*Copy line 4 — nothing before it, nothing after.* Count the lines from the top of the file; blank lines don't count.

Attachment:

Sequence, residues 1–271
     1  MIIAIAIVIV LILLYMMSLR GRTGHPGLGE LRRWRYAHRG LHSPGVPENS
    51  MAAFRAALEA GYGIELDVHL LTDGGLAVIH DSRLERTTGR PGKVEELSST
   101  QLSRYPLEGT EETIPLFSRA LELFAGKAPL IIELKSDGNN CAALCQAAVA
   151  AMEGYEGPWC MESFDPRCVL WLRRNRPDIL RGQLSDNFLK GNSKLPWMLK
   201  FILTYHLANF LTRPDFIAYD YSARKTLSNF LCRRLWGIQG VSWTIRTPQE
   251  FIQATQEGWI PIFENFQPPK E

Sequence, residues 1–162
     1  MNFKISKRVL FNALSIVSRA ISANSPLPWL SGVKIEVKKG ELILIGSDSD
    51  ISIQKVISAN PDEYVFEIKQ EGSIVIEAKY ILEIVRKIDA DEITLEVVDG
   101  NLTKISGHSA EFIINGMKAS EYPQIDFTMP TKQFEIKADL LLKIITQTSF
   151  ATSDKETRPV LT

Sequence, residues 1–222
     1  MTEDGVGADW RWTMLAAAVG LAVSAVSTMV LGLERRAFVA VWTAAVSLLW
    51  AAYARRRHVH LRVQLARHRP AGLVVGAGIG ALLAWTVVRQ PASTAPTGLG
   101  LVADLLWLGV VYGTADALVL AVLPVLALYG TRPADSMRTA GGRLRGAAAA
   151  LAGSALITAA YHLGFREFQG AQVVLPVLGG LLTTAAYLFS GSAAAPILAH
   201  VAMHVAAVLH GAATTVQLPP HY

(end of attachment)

   101  QLSRYPLEGT EETIPLFSRA LELFAGKAPL IIELKSDGNN CAALCQAAVA